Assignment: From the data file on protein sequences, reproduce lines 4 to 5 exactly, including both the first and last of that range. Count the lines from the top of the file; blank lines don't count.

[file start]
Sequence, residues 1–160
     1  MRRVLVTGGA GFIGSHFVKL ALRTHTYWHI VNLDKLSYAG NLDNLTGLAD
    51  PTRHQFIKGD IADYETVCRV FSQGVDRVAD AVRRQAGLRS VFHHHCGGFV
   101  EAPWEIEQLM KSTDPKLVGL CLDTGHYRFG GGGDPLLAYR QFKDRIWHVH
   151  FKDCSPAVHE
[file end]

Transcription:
   101  EAPWEIEQLM KSTDPKLVGL CLDTGHYRFG GGGDPLLAYR QFKDRIWHVH
   151  FKDCSPAVHE